Published in the Fall 2007 issue • Arts Profile
Spoken word artist Taqralik Partridge raps on why Inuit women fill her with awe
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Partridge has been writing all her life, but after she heard spoken-word artist Ian Kamau perform on K-OS’s track “Papercuts,” she finally had a name for what she wanted to do. “I heard this guy come on doing something that was sort of like rap, but not, and it totally seized me,” she says. “I Googled him and found out it was called spoken word, and I knew that was something I wanted to do.” Since then, Partridge has performed for a range of audiences. Sometimes she takes the stage with a DJ or her newly formed band, Descendants. Sometimes it’s just her subterranean voice and a microphone.
Spoken word — the style of performance poetry where the rhythm of the piece carries the words — is associated with beatnik cafés, not remote settlements with teenagers in pickup trucks hanging out in parking lots. Even hip-hop was entirely foreign to kids who, like Partridge, grew up in rural northern villages. “In the north, before the Internet, we didn’t have access to that kind of music. I didn’t grow up listening to hip-hop — I grew up listening to Johnny Cash and Iron Maiden,” she laughs. But Partridge makes the style work for her, negotiating the rocky terrain of rhythm and words. It would be a stretch to call her an MC — her pieces are slower, more lyrical and less beat-oriented. But she credits positive hip-hop for her inspiration. “The whole idea of people being downtrodden and having to get up and do something with themselves really appeals to me,” she says.
Writers often talk about the importance of listening to their inner voice. Sometimes, though, writing is more about getting that voice to shut up and let you work. “I was so worried for a long time about writing about where I come from,” Partridge says. “First of all, I thought that I didn’t have much to say or that I wasn’t the right person to say it; all these excuses of why I wouldn’t be good enough.” As a teenager, she wrote self-described bad poetry, the memory of which makes her shudder audibly over the phone. She was just an ordinary kid from Kuujjuak with everyday worries and hopes. But what she calls “an unstoppable urge to write” finally made her confront her demons and start producing serious work.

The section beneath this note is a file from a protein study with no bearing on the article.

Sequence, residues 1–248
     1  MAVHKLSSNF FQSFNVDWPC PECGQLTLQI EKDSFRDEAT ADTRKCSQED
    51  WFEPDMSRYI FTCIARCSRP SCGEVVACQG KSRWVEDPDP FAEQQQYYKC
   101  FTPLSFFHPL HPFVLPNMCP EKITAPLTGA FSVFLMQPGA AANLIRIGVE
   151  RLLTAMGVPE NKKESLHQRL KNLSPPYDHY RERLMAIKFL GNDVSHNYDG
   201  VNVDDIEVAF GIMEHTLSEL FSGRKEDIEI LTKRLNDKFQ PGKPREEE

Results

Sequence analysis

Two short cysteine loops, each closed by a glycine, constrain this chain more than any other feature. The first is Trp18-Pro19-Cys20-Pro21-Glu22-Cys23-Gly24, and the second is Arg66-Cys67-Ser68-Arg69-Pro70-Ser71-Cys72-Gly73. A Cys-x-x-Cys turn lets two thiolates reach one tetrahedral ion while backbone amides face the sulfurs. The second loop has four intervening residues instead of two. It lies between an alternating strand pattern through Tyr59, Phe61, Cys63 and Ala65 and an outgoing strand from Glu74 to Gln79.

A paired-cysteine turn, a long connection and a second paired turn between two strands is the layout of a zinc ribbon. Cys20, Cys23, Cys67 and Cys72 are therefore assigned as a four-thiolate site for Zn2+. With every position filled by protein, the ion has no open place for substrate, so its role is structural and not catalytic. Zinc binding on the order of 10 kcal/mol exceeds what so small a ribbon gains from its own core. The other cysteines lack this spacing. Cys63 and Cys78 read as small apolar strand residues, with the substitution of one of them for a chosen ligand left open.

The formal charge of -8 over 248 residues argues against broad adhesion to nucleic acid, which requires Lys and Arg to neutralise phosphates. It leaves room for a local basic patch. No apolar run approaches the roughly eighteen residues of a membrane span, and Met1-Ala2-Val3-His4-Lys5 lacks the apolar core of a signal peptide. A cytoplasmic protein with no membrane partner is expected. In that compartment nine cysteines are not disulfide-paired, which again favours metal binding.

Partridge doesn’t shrink from heavy subjects like sexual abuse, violence or poverty. To her, they’re as much a part of reality as rush-hour traffic and big mitts in winter, and just as important to talk about. But sometimes the line between the personal and the universal gets blurry. “At first when I was writing I thought, ‘I’ll never show this to Inuit, because someone’s going to think it’s about her,’” she says. Partridge’s stories don’t plaster over the grittier side of the life she knows, and they don’t romanticize or pity their subjects. “I see Inuit women who are professionals, who have big fancy jobs,” she explains, “and then others who have social problems, or they’re dirt poor, but they’re good storytellers. It’s just a big mess that I love. It doesn’t really matter what her social status is or what successes she’s had, materially. I’m just totally in awe of Inuit women.”
You can hear Partridge’s work at www.myspace.com/taqralikpartridge..
Anna Leventhal lives in Montreal, where she hosts a radio show (Venus on CKUT 90.3 FM) and runs a zine library (Bibliograph/e). She is a seasoned contributor to Shameless.